Both family child care learning homes and centers are required to abide by Georgia’s licensing laws. A family child care learning home is a program that operates in a private residential home for less than 24 hours per day. It provides care for at least three children, but no more than six. A child care learning center is a program operated by a person, society, agency, corporation, institution, or group that receives pay for group care. The child care learning center cares for seven or more children under the age of 18 for less than 24 hours per day. Some providers are exempt from licensing requirements. A legally exempt provider is an unlicensed, informal child care provider who cares for up to two children and receives payment from the Department of Social Services.

In Georgia, there are approximately 3,100 child care learning centers, 1,500 family child care learning homes, and 6,500 exempt programs. It is crucial that these settings be safe, healthy, and nurturing for children, as well as offer quality early learning experiences to support and promote the healthy growth and development of young children.

Protecting Your Child from Daycare Abuse

You may be asking ‘How can I protect my child from daycare abuse?’ While the answer isn’t always a simple or obvious one, there are steps you can take to determine whether your child is a victim of abuse or neglect. If you discover there is abuse or you suspect abuse, an experienced daycare child abuse attorney can help you navigate the legal system and hold the daycare facility and its employees responsible. Some steps you can take to protect your child include:

  • Do the Research. Before choosing a daycare that’s right for you and your child, shop around. Set up interviews with the directors and staff. Ask questions about daily activities, how injuries are handled, and other policies and procedures. Check online reviews. Ask other parents if they’re happy with the facility.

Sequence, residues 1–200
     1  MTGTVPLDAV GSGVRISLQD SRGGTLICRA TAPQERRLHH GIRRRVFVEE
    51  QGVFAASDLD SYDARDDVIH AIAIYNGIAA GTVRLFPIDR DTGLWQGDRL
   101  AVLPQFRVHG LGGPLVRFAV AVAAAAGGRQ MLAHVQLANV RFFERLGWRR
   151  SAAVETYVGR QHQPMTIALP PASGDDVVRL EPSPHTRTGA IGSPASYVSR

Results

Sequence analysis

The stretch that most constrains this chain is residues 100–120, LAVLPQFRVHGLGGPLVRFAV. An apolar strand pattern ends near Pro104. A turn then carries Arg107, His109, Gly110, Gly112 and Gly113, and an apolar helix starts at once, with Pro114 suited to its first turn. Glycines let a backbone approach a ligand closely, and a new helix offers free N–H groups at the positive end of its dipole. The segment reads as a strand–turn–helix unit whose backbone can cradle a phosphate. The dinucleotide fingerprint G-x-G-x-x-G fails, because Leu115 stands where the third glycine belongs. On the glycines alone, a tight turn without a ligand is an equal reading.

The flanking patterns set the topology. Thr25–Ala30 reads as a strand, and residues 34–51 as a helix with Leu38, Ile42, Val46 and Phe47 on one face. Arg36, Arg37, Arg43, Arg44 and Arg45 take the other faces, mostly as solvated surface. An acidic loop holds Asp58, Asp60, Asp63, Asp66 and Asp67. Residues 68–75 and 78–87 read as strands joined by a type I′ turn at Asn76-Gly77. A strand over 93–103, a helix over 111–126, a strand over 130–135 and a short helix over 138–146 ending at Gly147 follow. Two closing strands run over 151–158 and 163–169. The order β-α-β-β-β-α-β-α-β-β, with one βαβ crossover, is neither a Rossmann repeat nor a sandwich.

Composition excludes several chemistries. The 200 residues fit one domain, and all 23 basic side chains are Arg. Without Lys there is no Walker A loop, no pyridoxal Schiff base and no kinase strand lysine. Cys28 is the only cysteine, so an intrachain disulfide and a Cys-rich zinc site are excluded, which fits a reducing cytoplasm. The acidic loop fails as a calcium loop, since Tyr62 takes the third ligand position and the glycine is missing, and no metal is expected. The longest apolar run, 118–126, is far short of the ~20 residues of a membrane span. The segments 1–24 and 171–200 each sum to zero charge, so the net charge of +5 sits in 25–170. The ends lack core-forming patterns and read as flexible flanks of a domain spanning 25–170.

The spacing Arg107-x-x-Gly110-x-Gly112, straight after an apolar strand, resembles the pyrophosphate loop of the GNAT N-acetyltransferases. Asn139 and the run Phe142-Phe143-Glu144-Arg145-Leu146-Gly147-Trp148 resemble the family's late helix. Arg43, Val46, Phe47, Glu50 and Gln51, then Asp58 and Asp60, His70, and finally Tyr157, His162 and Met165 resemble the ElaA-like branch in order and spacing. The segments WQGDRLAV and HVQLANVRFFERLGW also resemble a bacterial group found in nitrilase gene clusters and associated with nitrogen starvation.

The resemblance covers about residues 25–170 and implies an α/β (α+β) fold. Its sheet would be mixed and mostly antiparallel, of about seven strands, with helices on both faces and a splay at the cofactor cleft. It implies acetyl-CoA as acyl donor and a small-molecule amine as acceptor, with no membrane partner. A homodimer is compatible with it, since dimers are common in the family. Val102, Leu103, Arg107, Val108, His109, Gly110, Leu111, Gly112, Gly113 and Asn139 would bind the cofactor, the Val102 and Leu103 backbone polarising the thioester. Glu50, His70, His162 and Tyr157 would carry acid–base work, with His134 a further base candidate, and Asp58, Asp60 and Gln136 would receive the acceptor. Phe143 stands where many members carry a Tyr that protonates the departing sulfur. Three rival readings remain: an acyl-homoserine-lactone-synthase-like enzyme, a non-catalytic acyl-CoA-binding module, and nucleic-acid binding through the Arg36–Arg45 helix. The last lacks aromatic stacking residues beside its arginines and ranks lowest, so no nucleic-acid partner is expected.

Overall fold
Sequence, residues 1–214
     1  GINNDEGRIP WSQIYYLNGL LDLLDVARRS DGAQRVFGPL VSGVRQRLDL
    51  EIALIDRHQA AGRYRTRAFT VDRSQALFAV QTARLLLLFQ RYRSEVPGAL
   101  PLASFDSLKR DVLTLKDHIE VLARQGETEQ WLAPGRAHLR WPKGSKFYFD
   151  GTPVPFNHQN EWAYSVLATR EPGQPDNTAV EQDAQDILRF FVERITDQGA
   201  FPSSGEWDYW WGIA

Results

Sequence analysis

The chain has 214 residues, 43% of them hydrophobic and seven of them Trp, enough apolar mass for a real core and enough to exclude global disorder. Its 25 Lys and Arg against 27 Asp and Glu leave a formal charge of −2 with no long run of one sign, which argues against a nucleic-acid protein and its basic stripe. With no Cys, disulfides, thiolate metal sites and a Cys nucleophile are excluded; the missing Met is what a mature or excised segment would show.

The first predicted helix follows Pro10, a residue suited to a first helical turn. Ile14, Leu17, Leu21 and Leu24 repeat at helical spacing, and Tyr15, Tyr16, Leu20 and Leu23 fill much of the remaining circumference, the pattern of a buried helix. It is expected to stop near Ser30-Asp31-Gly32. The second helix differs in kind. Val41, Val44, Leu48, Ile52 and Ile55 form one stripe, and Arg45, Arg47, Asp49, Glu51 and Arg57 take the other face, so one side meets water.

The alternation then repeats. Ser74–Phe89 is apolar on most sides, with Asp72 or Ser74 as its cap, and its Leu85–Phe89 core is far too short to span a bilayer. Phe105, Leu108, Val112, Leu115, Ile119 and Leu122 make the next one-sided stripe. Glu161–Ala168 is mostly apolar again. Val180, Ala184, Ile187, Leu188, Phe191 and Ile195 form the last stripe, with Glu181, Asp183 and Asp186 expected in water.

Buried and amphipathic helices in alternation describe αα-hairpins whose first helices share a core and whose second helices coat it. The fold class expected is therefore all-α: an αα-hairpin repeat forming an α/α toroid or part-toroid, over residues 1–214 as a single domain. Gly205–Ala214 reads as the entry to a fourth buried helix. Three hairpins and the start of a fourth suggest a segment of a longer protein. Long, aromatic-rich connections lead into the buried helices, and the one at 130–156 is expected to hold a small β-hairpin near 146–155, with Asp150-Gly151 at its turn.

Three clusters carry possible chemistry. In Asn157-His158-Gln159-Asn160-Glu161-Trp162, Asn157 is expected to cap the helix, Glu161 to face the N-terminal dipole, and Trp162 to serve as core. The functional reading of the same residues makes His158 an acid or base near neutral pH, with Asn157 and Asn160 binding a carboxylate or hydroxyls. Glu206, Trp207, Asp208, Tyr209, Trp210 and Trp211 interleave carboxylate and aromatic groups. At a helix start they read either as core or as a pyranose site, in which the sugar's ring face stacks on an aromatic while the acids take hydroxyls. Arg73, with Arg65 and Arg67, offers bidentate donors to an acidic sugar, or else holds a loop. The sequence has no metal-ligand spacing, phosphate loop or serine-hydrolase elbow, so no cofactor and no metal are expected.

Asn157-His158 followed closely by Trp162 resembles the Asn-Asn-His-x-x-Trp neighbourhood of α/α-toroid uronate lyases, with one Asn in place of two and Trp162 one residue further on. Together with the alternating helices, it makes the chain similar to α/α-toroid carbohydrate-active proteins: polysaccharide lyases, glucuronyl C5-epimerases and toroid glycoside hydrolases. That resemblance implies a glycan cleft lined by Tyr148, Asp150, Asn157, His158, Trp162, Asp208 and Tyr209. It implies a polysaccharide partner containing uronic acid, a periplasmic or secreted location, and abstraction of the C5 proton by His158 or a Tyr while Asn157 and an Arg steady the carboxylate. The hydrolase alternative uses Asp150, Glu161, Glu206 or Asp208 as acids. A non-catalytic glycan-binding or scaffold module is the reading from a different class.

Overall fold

• Be Present. There’s no substitute for active parenting. While you can’t always be with your child, attending special events, conducting surprise visits, talking with daycare workers, and going inside to drop off and pick up your child gives you a glimpse into the environment.
  • Report Abuse. If you see abuse or neglect, report it. You can report it directly to the director of the facility or contact Child Protective Services at (404) 651-9361. You can also call Childhelp® at 800-4-A-CHILD (800-422-4453).
  • Listen. If your child tells you they’ve experienced abuse, believe them. If a crime has been committed, your child has physical marks on them from the abuse, or your child tells you about sexual abuse, call the police!
  • Contact an Experienced Attorney. The daycare abuse and neglect attorneys at Blasingame, Burch, Garrard, & Ashley are powerful advocates for victims of abuse and neglect. We hold abusive and negligent daycare facilities accountable. Schedule a free and fully confidential consultation by filling out our case review form or calling us at (706) 354-4000. Headquartered in Athens, we handle daycare abuse and neglect cases across the State of Georgia. There is no fee unless we resolve your claim.  

If you suspect child abuse or neglect, here’s a list of organizations that can help you:

Head Start – (404) 651-5335

Georgia Department of Early Care and Learning – (404) 657-1779

State Child Care Resource & Referral Contact – (404) 479-4174

Child Protective Services – (404) 651-9361

Childhelp®- 800-4-A-CHILD (800-422-4453)


Lee S. Atkinson
Evan W. Jones
Alexandra K Hughes
Alexandra K. Hughes